Objectives First, to explore parents’ views on and experiences of managing their febrile child and to assess their behaviour and needs when in search of information about fever; second, to develop and evaluate a hospital discharge information package about fever in children.
Design Mixed methods: (A) qualitative study with semistructured interviews and a focus group discussion (FGD) and (B) quantitative survey.
Setting Emergency department, non-acute hospital setting and day nursery in Rotterdam, The Netherlands.
Participants Parents of children <18 years (interviews, n=22) parents of children under 5 years (FGD (n=14), survey (n=38)).
Intervention Information package about fever in children (leaflet and website including videos).
Outcome measures quantitative survey Knowledge of fever and confidence in caring for a febrile child (Likert scale 0–5).
Results Parents found fever mostly alarming, especially high fever. Help-seeking behaviour was based on either specific symptoms or on an undefined intuition. When parents did not feel recognised in their concern or felt criticised, anxiety increased as well as the threshold to seek healthcare for future illnesses. Information was needed, especially for situations when the general practitioner or social network were less easily available. This information should be reliable, consistent, available in multiple formats and include advice on management of fever at home and precise referral to medical services. Parents reported improved knowledge about fever (p<0.05) and mentioned improved confidence in caring for a child with fever at home after consulting the information package.
Conclusion Parents of children with a fever visiting the hospital are concerned about specific symptoms or based on an undefined intuition. Rather than telling parents that they should manage their child’s illness at home, healthcare professionals should recognise parental intuition and provide clear information on alarming signs and potential diagnoses to empower parents in the management of their febrile child.
- qualitative research
- infectious diseases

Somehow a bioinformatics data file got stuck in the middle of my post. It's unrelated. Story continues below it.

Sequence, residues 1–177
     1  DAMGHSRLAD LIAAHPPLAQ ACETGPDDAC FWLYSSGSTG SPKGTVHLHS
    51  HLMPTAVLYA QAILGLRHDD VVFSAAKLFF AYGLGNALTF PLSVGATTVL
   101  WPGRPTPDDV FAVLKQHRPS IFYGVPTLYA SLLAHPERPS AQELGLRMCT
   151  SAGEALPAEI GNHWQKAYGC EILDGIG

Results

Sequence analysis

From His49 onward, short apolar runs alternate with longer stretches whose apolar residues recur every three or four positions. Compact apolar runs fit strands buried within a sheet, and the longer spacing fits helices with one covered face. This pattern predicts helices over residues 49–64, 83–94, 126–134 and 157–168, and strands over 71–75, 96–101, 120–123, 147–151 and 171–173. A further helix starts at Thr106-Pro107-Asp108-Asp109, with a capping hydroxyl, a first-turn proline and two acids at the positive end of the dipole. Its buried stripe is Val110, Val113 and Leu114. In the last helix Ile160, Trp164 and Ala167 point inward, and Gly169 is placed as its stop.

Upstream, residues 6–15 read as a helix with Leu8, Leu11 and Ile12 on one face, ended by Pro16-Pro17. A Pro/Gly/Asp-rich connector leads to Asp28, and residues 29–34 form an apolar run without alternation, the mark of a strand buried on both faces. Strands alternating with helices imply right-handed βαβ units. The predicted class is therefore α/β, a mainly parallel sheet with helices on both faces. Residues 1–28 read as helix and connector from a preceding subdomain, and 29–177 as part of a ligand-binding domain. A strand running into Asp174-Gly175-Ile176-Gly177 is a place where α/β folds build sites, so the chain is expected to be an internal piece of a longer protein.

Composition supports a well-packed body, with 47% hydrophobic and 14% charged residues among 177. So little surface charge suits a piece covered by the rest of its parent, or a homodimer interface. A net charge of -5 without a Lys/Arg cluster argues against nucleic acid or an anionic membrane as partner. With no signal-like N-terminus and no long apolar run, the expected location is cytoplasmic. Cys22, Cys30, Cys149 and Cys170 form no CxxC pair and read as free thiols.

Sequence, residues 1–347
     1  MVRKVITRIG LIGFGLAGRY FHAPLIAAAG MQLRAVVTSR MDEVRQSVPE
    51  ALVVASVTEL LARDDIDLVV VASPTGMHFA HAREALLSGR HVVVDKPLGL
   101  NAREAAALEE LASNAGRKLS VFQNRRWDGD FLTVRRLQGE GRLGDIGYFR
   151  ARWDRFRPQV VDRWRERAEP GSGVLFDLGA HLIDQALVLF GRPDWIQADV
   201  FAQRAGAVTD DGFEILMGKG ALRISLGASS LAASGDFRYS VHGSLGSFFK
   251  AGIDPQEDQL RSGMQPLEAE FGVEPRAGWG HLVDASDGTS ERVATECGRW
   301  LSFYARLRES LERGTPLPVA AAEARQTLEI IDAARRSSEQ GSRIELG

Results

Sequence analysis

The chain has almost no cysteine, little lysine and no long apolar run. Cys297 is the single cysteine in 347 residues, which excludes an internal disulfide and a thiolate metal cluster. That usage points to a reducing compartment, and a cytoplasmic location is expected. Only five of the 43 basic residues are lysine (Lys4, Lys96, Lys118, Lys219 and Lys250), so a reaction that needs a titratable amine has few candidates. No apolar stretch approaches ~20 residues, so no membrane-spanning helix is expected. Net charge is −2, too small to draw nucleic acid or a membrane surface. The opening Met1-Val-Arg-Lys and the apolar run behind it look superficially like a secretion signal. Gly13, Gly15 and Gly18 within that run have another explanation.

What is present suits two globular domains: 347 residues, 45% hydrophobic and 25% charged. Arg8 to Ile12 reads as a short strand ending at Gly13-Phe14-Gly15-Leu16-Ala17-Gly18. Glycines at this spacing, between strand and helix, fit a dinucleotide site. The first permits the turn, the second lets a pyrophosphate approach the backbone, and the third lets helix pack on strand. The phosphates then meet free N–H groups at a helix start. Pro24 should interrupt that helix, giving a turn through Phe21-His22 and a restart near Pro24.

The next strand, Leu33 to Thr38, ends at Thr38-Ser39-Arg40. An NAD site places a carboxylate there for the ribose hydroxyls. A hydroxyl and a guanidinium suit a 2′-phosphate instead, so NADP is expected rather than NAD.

This is an open access article distributed in accordance with the Creative Commons Attribution Non Commercial (CC BY-NC 4.0) license, which permits others to distribute, remix, adapt, build upon this work non-commercially, and license their derivative works on different terms, provided the original work is properly cited, appropriate credit is given, any changes made indicated, and the use is non-commercial. See: http://creativecommons.org/licenses/by-nc/4.0/.
Statistics from Altmetric.com
If you wish to reuse any or all of this article please use the link below which will take you to the Copyright Clearance Center’s RightsLink service. You will be able to get a quick price and instant permission to reuse the content in many different ways.
Contributors JSvdM supervised the interviews, conducted the focus group discussion (FGD), was responsible for the analyses and the main author of the paper. DvK conducted the interviews, assisted in the focus group discussion, transcribed all interviews and the FGD and assisted in analyses of the qualitative data and writing of the paper. AdH-G was responsible for the data collection and analyses of the quantitative survey. ES-C and HR were responsible for protocol development, preparation and conduction of the FGD. AH was responsible for the production of the website and videos of the information package and editing of the paper. SN had a main contribution to the interpretation of the results and the editing of the paper. ML was responsible for protocol development interpretation of the results and editing of the paper. HAM supervised the protocol development, analyses and writing of the paper. RO was responsible for protocol development and supervised the data collection, analyses and writing of the paper.
Funding This work was supported by Stichting Coolsingel, grant number 485, and by The Netherlands Organization for Health Research and Development (ZonMW), grant number836041001 .
Competing interests None declared.
Patient consent Parental/guardian consent obtained.
Ethics approval The Erasmus Medical Centre review board (Rotterdam) considered the study not subject to the Medical Research Involving Human Subjects Act (WMO).
Provenance and peer review Not commissioned; externally peer reviewed.
Data sharing statement No additional data available.